Study links young driver accidents to sleeplessness
IF THE late teen or young adult in your house wants to sleep, there is now compelling evidence to let them.
A new study has found that young drivers who do not sleep enough are at significant risk of having a car crash.
The study which was published in JAMA Paediatrics also found sleeping less on weekends puts young drivers at greater risk of having a car crash at night, as well as having an increased chance of run-off-road crashes.
The Australian study, the first of its kind, examined the association between sleep and motor vehicle crashes in more than 20,000 newly licensed drivers aged 17-24 years.
Lead researcher, Associate Professor Alexandra Martiniuk of The George Institute for Global Health and The University of Sydney, says it does not take drastic sleep deprivation to impact young driver safety.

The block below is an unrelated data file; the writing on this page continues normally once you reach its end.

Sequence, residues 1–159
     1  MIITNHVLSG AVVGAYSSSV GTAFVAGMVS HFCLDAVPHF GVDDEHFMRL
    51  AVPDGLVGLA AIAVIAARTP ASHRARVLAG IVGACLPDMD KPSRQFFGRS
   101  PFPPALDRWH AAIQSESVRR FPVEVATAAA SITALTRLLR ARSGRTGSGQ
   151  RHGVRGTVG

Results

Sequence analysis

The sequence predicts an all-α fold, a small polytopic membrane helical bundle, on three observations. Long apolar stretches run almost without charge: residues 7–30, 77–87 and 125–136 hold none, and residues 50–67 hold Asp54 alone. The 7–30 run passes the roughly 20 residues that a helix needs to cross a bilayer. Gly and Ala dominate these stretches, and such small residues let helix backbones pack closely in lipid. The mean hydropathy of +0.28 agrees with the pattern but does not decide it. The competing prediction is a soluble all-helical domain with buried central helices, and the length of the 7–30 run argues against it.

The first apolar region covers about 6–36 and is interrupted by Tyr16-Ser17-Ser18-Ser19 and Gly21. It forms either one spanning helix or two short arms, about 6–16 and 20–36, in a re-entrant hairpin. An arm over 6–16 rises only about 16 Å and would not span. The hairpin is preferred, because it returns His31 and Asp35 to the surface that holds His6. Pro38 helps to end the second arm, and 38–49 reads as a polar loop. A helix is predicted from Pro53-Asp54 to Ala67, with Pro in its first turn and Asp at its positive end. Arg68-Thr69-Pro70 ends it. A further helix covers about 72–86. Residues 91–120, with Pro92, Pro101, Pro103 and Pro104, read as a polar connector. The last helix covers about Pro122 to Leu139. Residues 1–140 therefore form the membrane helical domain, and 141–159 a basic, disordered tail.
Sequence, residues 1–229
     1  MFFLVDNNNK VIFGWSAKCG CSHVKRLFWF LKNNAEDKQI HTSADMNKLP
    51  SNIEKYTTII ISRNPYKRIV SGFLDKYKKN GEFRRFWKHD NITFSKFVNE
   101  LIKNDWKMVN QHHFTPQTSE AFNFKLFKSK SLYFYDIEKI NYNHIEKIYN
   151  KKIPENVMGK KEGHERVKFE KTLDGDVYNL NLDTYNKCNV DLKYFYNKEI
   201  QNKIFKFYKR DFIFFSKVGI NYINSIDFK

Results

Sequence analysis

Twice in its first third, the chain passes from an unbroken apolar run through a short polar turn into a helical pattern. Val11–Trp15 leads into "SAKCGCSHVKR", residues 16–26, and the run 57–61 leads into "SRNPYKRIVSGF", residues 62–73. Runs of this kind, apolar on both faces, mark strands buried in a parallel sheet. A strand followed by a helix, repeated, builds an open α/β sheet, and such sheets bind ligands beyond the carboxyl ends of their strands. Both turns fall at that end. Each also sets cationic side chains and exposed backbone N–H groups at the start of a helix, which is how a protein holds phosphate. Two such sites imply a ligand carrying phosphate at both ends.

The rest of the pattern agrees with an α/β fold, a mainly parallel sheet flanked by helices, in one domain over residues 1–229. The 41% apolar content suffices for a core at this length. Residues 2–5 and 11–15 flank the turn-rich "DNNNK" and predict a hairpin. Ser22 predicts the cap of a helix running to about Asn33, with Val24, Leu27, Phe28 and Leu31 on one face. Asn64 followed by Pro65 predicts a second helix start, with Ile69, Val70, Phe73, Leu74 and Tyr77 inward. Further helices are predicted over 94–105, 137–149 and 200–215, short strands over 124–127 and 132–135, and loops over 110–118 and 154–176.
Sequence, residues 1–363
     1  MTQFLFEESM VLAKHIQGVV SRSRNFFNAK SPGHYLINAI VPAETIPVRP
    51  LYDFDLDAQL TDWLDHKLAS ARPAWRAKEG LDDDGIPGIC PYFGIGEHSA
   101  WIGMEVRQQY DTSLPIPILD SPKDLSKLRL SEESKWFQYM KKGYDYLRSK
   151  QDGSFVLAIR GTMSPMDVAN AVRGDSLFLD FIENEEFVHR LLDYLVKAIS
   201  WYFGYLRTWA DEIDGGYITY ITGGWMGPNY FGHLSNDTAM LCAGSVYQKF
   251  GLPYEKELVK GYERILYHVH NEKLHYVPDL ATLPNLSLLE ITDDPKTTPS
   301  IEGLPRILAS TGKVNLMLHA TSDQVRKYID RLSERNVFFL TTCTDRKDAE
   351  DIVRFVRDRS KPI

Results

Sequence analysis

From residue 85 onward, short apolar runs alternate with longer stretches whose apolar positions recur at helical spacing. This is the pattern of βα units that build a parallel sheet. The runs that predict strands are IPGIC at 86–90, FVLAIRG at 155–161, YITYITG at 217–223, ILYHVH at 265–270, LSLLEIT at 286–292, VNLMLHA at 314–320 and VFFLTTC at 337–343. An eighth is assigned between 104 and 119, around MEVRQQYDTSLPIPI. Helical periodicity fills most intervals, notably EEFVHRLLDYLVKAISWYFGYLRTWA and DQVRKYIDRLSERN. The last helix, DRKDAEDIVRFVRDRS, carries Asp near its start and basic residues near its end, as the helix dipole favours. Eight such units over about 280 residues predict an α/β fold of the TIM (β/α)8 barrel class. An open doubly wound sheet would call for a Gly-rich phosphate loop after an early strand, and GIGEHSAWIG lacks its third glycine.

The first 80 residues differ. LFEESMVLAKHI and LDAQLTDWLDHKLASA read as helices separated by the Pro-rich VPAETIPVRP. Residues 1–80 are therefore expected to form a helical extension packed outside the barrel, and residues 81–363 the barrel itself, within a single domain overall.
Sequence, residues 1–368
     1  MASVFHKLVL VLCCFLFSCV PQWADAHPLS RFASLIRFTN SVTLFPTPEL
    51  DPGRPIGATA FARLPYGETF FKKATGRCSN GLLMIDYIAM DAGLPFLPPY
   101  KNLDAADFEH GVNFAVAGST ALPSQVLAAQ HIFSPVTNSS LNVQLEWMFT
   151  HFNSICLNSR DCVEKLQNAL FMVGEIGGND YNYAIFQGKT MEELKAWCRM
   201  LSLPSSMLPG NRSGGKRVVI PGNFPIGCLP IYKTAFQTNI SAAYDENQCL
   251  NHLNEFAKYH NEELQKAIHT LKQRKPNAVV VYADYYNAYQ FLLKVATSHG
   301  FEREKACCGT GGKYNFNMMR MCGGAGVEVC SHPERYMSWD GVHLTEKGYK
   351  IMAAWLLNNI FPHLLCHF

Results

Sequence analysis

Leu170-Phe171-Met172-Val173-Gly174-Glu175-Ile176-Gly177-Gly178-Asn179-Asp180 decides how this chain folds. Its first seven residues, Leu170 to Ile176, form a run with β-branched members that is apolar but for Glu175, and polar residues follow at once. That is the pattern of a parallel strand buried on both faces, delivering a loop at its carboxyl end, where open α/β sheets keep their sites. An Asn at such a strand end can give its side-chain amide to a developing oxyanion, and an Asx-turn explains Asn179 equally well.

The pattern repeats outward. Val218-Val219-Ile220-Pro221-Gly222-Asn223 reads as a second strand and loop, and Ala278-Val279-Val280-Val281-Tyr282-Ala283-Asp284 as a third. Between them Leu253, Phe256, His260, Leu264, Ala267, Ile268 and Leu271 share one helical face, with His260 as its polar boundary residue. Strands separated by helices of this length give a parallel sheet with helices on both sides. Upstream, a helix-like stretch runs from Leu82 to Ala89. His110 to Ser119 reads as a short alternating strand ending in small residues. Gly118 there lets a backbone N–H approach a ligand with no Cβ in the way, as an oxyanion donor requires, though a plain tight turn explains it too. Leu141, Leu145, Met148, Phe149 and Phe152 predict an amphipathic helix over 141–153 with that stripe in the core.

The findings point to the urgent need for education campaigns targeting young drivers, especially the newly licensed, around the importance of sleep and road safety.
Sleepiness is associated with lapses in attention, slowed reaction time, impairments in judgment, difficulty regulating emotions including increased aggression, and risky behaviour; effects that are also magnified by alcohol consumption.